Longtime mail carrier Lanell Long, 80, retires
“Never in my life have I ever dreaded going to work.”
Lanell Long may be one of the few people who can honestly make that statement. And after 36 years of delivering mail, that is saying a lot.
Long filled in on mail routes for 10 years before her first husband, Emmett Lewis, was hired for the Pontiac/Oakland, Arkansas, route in 1993. She delivered mail with him until his death in 1995. Then she took over the route and never regretted her decision to make that her career. In fact, she said, taking over for her husband helped in the grieving process.
“In 1995, the Dora carrier got hurt,” she said. “He was the one who came to pick up the mail from Gainesville and took it to the Dora post office. After he got hurt, me and my husband took turns doing that until my husband died. I did it for a while after that. I think it was good for the grieving process.”
Long said one of her favorite things about being a mail carrier was seeing nature.
“I see more stuff in one day than some people see in a lifetime,” said Long. “I see the change of colors. I’ve seen about 100 deer in one day, a cougar and bobcats. I feel so close to God out there amongst nature.”
While nature is her favorite thing about delivering the mail, Long said she has more than enough mail-carrier memories, good and bad, to last a lifetime, including unexpected “gifts” left for her in mailboxes.
“I’ve had a lot of different things show up in mailboxes,” said Long, laughing. “Once a kid put a big ol’ rubber black snake in a mailbox. I screamed so loud they could hear me all the way back at Gainesville.”
‘Neither snow nor rain nor heat nor gloom of night’
Though it’s not the official motto of the U.S. Postal Service, Long took the traditional slogan’s seriously, missing only one day of mail delivery in her 36 years. That was during the ice storm of 2008.
“There’s been lots of icy days that wasn’t too pleasant, but we got through it,” she said.
“Once when the creeks were up, I found an older lady who was on one side of the creek and afraid to cross it,” said Long. “I knew it wasn’t too deep so I told her I’d drive her car across for her.”
After driving the other woman across the creek, Long found herself in an awkward situation. “There I was on the other side of the creek and I had to wade back across. That water was cold!” she said.
High water does present challenges, said Long, including the time she got stuck and had to call a wrecker. It came but couldn’t reach her and had to try another tactic.
“They came to get me on the Missouri side but couldn’t get to me,” said Long. “They had to come the long way,” down Highway 5, across the Arkansas/Missouri state line to Highway 202 and all the way to Oakland, on the Arkansas side of her route.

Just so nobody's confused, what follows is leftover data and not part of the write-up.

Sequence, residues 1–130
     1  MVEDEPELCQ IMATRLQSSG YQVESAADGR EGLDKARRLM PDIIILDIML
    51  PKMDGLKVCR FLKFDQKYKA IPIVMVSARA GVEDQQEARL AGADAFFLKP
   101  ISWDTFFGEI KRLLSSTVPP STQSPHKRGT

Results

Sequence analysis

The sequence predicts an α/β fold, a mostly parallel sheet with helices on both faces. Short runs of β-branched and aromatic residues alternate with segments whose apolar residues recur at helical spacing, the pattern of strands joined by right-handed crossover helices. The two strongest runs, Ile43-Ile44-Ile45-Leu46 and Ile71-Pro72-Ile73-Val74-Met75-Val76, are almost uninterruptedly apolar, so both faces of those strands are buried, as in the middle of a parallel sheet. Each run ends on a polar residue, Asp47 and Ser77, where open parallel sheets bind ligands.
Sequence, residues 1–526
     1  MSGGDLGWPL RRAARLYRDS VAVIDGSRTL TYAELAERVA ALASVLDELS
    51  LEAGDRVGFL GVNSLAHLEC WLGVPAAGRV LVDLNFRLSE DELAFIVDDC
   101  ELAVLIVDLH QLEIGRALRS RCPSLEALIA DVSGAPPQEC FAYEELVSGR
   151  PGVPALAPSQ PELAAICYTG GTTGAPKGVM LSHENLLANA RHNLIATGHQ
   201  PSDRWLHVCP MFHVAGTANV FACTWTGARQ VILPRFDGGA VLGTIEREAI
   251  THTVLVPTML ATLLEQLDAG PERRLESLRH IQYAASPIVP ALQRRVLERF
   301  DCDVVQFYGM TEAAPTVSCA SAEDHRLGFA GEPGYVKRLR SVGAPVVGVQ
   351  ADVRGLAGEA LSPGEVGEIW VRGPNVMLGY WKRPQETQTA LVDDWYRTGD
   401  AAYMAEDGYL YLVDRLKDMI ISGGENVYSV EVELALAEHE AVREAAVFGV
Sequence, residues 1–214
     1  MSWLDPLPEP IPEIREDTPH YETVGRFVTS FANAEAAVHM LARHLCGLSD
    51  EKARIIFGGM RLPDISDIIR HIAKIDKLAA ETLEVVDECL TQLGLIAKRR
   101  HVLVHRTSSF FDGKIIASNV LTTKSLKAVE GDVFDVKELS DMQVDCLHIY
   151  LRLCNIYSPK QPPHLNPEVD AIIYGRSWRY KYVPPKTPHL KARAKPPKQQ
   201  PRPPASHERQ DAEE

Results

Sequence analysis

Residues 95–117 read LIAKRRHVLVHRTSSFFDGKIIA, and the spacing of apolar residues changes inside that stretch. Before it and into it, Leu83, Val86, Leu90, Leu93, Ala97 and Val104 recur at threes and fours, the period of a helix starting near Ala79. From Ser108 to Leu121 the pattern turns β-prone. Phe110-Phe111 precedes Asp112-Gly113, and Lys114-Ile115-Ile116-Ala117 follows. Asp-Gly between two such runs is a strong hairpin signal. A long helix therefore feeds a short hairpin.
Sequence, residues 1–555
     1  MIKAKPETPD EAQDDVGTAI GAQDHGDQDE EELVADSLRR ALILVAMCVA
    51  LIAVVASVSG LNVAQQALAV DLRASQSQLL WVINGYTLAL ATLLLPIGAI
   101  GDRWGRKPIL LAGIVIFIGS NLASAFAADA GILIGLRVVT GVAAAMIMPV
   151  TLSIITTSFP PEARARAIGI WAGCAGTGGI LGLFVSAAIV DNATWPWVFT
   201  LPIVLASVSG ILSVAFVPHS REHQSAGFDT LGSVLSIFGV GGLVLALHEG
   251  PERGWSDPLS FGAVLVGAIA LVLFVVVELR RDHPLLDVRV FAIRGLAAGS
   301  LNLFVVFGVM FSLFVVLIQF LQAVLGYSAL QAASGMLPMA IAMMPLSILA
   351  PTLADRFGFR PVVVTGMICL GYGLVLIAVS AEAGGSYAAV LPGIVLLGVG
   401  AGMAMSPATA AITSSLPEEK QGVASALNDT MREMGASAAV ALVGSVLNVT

Long said one of the nicest things about her customers is that they let her know how much they appreciate her, especially around Christmastime. “Sometimes you open the mailbox and there will be cookies, candy, envelopes. One year I even got enough cash to pay my taxes.”
But not all her experiences have been joyful.
“A mail carrier gets to know a lot about their [customers’] lives,” said Long. “I once noticed a man hadn’t picked up his mail for a couple days. When the Ozark County Times wasn’t picked up on Friday I knew something was wrong.”
She checked on the man and found that he had been dead for about three days.
It wasn’t the first – or the last – time that Long checked on one of her customers. “You know who picks up their mail regularly,” she said. “When we think something is unusual, we check on them. That’s part of being a good person.”
Long has worked out of every post office in Ozark County and for 20 postmasters in the past 36 years. She has seen the number of her customers grow significantly to the current 386 customers on her route.
“I started with eight people in the Oakland/Price Place, Arkansas, area,” said Long. “Now there are about 80. A lot of people have moved in.”
Roads and vehicles have also changed since Long began delivering mail.
“Years ago, there weren’t very good tires,” said Long. “It was nothing to have three flats a day. We also used to have better vehicles; I found out the old Buicks just keep a- going.”
As for road conditions, Long said they are “so much better than they used to be. I took my nephew from Florida with me one day to the Oakland [Arkansas] area, and he later told his friends, ‘They get mail service in Marion County [Arkansas] where they don’t even have roads.’”
A few days before retiring, Long was surprised with a retirement party from her co-workers in the Gainesville post office, who presented her with a special T-shirt created just for her. While the front of the shirt is filled with some “statistics” about years, miles and packages, Long laughed when she showed the back of the shirt, especially the line that says, “Hit 2026 Mailboxes.”
“My arms are just too short, and sometimes I get too close,” she explained.
Eighty-year-old Long doesn’t plan on sitting around during retirement. “I have calves and chickens,” she said. “I love the garden and yard. I won’t be bored.”
But she will miss a few things about her job, especially her co-workers. “I will miss the ones I work with,” she said. “They are like my family. You work with them so long, and they become your family.
“I love the job,” she said. “I’d rather be there than anywhere else. But I prayed I’d be working until 80, so I figure now is the time to quit. It’s been a good ride.”